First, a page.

How the Arcs and Plots Page Works

The Arcs and Plots page is the first step in the Distilling™ process.

You will notice that each story beat label is italicised. This means there is a tooltip available if you hover your mouse cursor on the label. **These tips are suggestions. A guide. Ultimately, it’s all your decision.

When in doubt, try to write the truth revealed or the big event that happens in the scene. The details will come to you later.

There is a list to the left of all your arcs. Double click on the name to load.

You can also use the search box above the list to search by content.

That list can be swapped, for a list of characters or relationships, using the toggle command, via the menu, using shift-command-c on a Mac or shift-control-c on Windows.

Double click on a character name to load a character portrait – or relationship name to load a relationship snapshot – to remind you of who does what in your story.  Click ‘OK’ to close or ‘Edit’ to go and make changes to the character.

You can also go to a character’s or relationship edit page is to option/alt double click on the character/relationship name.

You will be presented with a new arc when you first visit the page. Thereafter, you will be taken to the last one you worked on. ‘Tab’ to proceed to the next field or click on the one you want to work on now.

Story Distiller automatically generates:

  • The main plot.
  • Each character’s story (what they do).
  • Each character’s character arc (what they feel, how it affects them).
  • Each relationship story.
  • Each relationship arc.

As you work, you’ll find the same scene will pop up in various arcs, in various scene beats. For instance, the scene beta where Jay kisses Sky as the inciting incident in Jay’s story, is the same scene as occurs at the first plot point of their relationship arc and the mid point for Sky and the rug pull for Amber, who sees the kiss and is heartbroken. This is where the Distilling comes in.

Tip: You can tag each scene beat like this. #The Kiss<return>Jay kisses Sky etc. The tag can help you to more accurately search for all the relevant scenes beats later on and, also, when you distill those scenes into one scene, the tag will be used as the scene title.

You should aim to treat every story beat as a plot point. This is not the place to include “traffic” scenes; you can add those later in the Scenes Page. This is the time to ensure that each beat is important; that every single beat turns its arc into a new direction, that something big is riding on it. You can use the tool tips as a guide here. They can help you ensure that each arc progresses.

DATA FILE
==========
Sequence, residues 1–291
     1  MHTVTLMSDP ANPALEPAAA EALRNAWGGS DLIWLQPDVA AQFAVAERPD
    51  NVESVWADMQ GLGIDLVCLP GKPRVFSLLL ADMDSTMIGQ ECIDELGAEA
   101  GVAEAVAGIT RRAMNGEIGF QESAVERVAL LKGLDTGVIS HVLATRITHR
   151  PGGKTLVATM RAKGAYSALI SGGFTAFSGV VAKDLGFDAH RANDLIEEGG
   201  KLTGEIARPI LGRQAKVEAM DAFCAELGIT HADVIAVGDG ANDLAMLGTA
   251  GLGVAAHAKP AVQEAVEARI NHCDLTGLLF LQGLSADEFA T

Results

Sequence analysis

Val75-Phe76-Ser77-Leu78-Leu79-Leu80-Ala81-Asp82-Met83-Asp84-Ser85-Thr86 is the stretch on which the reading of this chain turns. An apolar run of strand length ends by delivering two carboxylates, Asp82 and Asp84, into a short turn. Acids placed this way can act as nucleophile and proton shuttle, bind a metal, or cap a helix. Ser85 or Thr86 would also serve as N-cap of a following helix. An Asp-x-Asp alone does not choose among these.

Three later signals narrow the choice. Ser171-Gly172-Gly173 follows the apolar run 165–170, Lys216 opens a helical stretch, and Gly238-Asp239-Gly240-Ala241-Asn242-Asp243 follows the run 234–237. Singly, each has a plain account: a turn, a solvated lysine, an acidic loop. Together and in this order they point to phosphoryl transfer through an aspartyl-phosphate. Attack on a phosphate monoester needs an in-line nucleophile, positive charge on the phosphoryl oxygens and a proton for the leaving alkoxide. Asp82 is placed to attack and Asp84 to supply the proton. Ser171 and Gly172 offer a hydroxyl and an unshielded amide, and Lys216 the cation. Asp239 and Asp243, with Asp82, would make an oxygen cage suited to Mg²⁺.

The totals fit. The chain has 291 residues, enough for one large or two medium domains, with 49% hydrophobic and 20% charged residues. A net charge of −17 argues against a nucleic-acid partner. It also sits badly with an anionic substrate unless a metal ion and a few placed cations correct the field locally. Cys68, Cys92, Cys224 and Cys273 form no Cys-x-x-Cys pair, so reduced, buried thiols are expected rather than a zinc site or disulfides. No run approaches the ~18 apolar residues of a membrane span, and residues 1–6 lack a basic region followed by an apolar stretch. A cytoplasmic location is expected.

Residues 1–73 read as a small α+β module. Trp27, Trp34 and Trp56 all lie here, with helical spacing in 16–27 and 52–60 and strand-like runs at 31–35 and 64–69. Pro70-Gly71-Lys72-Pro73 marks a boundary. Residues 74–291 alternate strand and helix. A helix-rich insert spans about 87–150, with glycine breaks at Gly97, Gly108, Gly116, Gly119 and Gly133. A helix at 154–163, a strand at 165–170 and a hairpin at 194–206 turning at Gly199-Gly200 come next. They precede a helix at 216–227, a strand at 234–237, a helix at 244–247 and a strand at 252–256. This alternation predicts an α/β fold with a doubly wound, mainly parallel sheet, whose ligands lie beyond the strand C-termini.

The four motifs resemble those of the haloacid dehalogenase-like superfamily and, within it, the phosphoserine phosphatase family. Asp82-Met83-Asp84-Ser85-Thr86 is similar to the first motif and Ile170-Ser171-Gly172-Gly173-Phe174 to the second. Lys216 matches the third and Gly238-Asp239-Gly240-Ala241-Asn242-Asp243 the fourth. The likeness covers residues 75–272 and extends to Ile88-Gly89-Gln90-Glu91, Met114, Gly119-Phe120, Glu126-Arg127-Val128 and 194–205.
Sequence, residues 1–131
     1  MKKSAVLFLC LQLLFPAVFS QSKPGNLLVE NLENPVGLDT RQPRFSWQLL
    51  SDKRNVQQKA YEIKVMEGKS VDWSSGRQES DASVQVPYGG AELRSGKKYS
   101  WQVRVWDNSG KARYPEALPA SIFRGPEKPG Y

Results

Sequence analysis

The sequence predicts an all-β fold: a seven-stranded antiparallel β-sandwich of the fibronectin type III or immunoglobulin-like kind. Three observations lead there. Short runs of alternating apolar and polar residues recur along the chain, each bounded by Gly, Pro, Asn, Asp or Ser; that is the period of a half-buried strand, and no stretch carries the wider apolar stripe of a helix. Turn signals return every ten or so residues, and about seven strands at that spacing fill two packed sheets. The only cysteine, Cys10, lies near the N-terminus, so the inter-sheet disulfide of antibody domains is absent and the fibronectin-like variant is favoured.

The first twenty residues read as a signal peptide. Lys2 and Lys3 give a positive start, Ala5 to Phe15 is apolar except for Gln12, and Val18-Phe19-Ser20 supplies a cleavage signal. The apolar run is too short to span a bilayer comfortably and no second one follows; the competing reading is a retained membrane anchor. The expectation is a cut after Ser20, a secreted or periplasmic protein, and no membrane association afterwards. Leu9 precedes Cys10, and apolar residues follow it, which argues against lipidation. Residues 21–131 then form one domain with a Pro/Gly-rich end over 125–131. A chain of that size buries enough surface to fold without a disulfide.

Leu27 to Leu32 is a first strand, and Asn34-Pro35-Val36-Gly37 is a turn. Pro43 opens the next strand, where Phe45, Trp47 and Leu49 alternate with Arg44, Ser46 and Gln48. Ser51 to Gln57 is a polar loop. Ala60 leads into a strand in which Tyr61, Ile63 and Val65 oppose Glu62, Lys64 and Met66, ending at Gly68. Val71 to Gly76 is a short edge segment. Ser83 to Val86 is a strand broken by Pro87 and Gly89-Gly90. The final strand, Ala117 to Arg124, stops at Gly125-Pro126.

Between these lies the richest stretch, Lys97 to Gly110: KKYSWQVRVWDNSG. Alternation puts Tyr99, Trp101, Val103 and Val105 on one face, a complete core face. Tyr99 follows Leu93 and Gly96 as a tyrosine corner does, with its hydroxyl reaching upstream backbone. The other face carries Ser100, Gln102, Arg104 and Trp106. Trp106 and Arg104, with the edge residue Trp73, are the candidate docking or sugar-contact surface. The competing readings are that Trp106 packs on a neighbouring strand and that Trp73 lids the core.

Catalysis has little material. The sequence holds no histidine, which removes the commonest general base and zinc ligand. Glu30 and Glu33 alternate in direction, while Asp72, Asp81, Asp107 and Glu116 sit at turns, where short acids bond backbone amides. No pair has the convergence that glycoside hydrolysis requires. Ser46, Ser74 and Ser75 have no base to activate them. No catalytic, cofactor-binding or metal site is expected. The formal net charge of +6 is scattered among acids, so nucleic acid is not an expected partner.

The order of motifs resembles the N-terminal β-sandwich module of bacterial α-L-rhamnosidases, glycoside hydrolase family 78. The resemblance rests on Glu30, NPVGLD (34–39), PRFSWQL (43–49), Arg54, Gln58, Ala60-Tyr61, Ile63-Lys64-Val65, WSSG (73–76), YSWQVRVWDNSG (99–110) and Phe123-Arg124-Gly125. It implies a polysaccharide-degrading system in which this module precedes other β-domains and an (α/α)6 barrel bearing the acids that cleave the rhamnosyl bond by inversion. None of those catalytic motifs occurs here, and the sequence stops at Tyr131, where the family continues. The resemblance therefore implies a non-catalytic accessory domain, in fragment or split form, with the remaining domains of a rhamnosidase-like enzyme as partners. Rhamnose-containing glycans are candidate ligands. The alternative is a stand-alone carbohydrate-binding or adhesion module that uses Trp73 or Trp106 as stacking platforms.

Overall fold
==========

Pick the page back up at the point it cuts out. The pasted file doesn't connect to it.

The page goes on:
Don’t if it doesn’t all come to you immediately. Writing requires persistence. Remember that, rewriting story beats here is exponentially easier than making structural changes in a finished draft.

Don’t feel you need to have 11 story beats for each arc. Some might need only eight, some might need an ‘a’ arc and a ‘b’ arc because they need 15 plot points. Again, it’s your decision.

Don’t get too caught up on avoiding, or embracing formulae. You will sort this. Firstly on the Timeline Page and again on the Storyboard Page. There is so much writing between this stage and the storyboard, everything will change.

If you’re an analogue kinda writer, you may choose to print a report of your story beats at this stage to go over them with paper and ink. Heck. Go crazy. Use a pencil!

One last thing. After story beats have been distilled into scenes in the Distilling Page, you will no longer be able to edit them in the Story Beats page. The fields will be greyed out and uneditable. Just click on the button (to the left of the individual beat) to proceed to the scene that now contains it. You can edit it there.


**Currently these tooltips are relevant, mainly, to Western cinema theories. We are working on increasing our understanding of the rules and concepts common in Asian cinema and television and hope to include these in a coming update.